We do.
3) If I were to use it to help me shut up my fundy friends on Facebook who constantly spam my page about how the U.S. is a Christian country and we all must return to god or god will punish us (blah, blah, blah) is there any hidden thing I need to know about it?
One thing you need to know is that the real important thing is not just that the American Government stated (with wording approved by the Senate) that it's not a Christian nation, but that there wasn't a shitstorm about it from the common people when it came out. At most, there was a response of "unfortunate, but true."
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15th April 2012, 02:36
Post: #4
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RE: The U.S. treaty with Tripoli 1796
(14th April 2012 18:47)Ziploc Surprise Wrote:  1) Why isn't this well known?
Can't answer for others but in my experience it is well known among educated people.
Quote:2)I assume if Richard Dawkins uses it then it must be legitimate. Why don't atheists use it to help refute the fundamentalist argument that the U.S. is a Christian country?
It is used but most fundies claim it isn't true. There is (or was) a teaching (think it was very popular in the 80s) among fundies that Columbus actually came to the "New World" to evangelize the heathen (Indians) and that he was really a messianic Jew as his logs were written in Hebrew. It was also taught that all the founding fathers were closet Christians.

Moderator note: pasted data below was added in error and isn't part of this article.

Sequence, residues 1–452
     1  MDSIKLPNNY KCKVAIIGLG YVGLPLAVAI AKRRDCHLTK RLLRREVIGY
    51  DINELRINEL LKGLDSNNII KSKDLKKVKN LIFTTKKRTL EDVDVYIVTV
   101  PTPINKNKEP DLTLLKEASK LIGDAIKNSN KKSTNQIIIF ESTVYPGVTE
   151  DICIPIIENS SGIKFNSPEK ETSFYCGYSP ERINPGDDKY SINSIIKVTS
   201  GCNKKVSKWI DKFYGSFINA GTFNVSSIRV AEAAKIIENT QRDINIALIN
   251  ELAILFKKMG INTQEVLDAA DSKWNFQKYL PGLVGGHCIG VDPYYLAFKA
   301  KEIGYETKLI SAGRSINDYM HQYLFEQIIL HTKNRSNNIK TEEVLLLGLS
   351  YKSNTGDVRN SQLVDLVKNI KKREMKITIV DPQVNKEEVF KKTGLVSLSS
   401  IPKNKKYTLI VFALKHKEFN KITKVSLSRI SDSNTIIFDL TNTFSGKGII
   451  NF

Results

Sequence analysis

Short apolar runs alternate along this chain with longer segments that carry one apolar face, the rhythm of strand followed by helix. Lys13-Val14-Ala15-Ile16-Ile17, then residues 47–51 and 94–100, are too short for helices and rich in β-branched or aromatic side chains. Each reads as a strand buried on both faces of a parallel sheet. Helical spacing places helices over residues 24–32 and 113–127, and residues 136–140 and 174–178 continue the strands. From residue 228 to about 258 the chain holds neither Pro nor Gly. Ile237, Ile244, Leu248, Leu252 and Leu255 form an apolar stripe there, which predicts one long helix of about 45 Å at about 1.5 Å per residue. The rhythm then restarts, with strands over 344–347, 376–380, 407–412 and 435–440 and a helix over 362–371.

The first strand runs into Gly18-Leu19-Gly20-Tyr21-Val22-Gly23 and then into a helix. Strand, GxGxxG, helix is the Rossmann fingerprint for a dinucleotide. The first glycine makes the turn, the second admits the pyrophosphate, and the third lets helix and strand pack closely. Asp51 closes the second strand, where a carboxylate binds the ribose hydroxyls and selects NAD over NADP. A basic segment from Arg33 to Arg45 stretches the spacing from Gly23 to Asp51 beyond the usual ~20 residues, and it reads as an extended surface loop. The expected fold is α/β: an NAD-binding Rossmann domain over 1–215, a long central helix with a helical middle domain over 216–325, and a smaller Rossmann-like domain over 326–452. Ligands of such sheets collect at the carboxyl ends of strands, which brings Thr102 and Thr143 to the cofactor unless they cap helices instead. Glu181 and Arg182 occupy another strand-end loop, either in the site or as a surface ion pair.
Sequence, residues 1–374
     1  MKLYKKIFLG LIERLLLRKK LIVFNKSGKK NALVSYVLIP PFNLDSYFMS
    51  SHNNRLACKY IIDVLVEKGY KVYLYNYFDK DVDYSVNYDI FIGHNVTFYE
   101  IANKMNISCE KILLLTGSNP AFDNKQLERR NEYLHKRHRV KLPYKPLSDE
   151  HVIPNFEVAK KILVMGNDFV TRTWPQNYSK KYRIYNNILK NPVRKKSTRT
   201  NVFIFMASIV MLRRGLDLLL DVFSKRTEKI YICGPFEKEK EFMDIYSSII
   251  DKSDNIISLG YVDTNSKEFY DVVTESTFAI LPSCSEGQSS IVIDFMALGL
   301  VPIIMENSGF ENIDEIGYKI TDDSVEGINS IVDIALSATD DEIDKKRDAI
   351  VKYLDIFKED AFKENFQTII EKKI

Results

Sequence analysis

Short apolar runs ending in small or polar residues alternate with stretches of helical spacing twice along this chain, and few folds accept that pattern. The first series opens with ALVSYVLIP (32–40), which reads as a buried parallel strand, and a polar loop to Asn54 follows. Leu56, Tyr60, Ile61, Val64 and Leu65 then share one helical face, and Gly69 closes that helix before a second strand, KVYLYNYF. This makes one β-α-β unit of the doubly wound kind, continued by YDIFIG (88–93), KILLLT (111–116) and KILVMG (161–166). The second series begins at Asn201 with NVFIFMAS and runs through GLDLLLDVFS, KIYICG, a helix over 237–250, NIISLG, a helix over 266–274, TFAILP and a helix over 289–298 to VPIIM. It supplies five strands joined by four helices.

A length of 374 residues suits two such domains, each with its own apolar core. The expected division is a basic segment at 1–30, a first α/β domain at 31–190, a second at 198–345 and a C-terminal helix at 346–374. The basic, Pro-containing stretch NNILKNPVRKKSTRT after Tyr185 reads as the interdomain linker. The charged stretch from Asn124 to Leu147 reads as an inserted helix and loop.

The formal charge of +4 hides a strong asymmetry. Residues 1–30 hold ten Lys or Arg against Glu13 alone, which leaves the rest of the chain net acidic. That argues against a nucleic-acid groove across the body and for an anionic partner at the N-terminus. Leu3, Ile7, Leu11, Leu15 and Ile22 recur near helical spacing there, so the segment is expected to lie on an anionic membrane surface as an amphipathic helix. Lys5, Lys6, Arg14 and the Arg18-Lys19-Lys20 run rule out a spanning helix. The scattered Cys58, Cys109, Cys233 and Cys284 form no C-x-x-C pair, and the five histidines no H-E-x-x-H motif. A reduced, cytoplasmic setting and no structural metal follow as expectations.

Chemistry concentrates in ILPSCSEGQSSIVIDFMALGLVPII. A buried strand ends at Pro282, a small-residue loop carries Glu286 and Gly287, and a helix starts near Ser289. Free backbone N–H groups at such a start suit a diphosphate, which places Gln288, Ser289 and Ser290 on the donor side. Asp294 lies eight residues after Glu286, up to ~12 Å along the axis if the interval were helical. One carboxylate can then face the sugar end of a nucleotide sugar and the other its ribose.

Quote:3) If I were to use it to help me shut up my fundy friends on Facebook who constantly spam my page about how the U.S. is a Christian country and we all must return to god or god will punish us (blah, blah, blah) is there any hidden thing I need to know about it?
The answer to #2.
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15th April 2012, 02:39
Post: #5
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RE: The U.S. treaty with Tripoli 1796
I thought you'd all find it amusing to see how the "moral" xtians lie about this document.

http://www.ministers-best-friend.com/Tre...-Hide.html


Quote:If there is one thing about the Treaty of Tripoli which anti-Christians cannot escape, it is the fact that no matter how you cut it, the supposed “non Christian section” (Article 11) of that treaty cannot be validated.

Sadly for lying xtian fuckwads,

http://avalon.law.yale.edu/18th_century/bar1796t.asp